Others have asked, and I agree, if GMO’s are as benign as the industry claims they are, why not label foods and let the consumer decide? Instead “companies like Coca-Cola, PepsiCo, General Mills and Kellogg’s have thrown down plenty of cash to defeat various initiatives across the country, and the story isn’t any different in Washington state, where a new push to label GMO foods has been gaining momentum.” Clare Leschin-Hoar exposes their tactics on the take part blog:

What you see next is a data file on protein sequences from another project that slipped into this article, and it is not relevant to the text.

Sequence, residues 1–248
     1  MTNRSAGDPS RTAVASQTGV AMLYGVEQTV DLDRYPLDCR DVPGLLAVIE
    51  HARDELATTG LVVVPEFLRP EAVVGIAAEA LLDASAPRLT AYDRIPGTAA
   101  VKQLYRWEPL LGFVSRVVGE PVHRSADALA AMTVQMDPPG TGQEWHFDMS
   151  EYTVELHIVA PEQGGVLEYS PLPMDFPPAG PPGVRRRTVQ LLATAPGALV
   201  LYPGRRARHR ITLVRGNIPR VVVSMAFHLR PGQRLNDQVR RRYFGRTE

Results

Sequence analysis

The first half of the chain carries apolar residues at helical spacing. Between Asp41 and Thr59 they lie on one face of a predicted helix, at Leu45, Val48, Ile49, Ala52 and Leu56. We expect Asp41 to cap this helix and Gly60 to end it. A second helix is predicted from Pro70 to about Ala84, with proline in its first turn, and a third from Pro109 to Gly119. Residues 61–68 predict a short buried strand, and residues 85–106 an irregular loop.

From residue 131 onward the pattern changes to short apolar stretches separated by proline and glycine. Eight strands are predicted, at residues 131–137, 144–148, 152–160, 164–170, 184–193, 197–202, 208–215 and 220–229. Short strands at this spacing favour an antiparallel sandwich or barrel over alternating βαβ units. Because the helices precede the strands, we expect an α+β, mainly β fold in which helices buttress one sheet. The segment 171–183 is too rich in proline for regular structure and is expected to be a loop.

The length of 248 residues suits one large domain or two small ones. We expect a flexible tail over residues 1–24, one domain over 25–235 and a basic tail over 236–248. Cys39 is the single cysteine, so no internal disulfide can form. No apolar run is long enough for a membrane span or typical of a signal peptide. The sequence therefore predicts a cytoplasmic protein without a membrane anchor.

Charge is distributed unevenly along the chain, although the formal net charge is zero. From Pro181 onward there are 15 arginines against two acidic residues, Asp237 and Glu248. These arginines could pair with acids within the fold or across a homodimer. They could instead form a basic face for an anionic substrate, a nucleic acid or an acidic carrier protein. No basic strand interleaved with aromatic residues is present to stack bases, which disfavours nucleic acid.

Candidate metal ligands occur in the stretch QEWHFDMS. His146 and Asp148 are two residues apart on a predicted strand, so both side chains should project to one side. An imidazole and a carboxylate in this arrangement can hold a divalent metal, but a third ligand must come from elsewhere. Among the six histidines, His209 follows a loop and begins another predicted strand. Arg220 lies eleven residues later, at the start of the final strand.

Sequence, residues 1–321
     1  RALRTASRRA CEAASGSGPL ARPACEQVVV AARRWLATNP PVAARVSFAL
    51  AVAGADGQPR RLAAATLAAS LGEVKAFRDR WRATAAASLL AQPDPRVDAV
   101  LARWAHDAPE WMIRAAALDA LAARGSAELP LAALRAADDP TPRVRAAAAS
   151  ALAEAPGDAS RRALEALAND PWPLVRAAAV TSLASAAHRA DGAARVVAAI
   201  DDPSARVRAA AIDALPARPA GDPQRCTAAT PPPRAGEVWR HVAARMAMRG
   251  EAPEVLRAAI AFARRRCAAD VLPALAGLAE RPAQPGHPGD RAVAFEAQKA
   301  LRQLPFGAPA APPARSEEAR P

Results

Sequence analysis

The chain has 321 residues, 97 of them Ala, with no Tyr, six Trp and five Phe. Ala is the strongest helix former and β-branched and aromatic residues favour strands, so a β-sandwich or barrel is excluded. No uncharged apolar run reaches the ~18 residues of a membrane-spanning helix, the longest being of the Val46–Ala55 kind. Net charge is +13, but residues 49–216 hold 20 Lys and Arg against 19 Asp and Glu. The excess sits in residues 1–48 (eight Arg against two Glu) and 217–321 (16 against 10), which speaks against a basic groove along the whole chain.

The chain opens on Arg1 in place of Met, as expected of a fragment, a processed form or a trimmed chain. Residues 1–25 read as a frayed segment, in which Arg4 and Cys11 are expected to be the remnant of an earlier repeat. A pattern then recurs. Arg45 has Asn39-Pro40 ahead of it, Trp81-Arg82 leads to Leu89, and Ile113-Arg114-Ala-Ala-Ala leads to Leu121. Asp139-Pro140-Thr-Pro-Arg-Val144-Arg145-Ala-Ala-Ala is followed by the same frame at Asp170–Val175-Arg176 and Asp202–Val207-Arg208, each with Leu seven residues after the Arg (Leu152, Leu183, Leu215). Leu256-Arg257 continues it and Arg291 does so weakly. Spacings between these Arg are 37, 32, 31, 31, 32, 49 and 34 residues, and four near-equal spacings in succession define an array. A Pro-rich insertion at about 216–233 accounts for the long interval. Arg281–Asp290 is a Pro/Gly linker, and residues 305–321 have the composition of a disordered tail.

The major brands have been accused of hiding behind a trade association to lobby against the effort in an attempt to avoid customer backlash and a public relations nightmare. Washington state’s Attorney General Bob Ferguson filed a lawsuit yesterday claiming the Grocery Manufacturers Association—which represents more than 300 household brands—has violated campaign disclosure laws. The group is accused of failing to form a political committee registered with the state’s Public Disclosure Commission after it solicited and collected nearly $13.5 million in contributions, spending $7.2 in efforts to a defeat ballot measure I-522, which would require genetically modified foods to be labeled. The state’s lawsuit also alleges the GMA purposely concealed the names of companies who contributed those funds to shield them from public backlash. Ferguson’s office says they are prepared to seek a temporary restraining order to force immediate compliance with state disclosure laws. The urgency is warranted. Washington is a mail-in vote only state. Ballots drop tomorrow and voters can send in their ballots until November 5. “It’s clear the GMA broke Washington-state campaign finance laws,” says Elizabeth Larter, “Yes on 522” spokesperson. “The attorney general has asked GMA to disclose donors right away. We’re asking that their ads come down until they disclose to Washingtonians who is funding the ‘No on 522’ Campaign.” The lawsuit reveals juicy details of the GMA strategy to defeat future GMO labeling efforts. It was mere weeks after the defeat of California’s Prop. 37 ballot measure requiring the labeling of food products that contained genetically modified ingredients that the trade group huddled to develop short- and long-term strategies for state labeling fights that lay ahead, according to the suit. The Center for Food Safety says GMO legislation is currently pending in 18 states. One of those strategies was to develop what GMA’s Chief Executive Officer Pamela G. Bailey called the “Defense of Brand Strategic Account.” According to a memo secured by Ferguson’s office, that separate GMA fund would “better shield individual companies from attack.” “The fund would allow GMA to be identified as the source of funding for efforts that included defeating Initiative 522,” says Ferguson. In effect, protecting the brand names (and the reputations) of the companies interested in keeping labels off their products.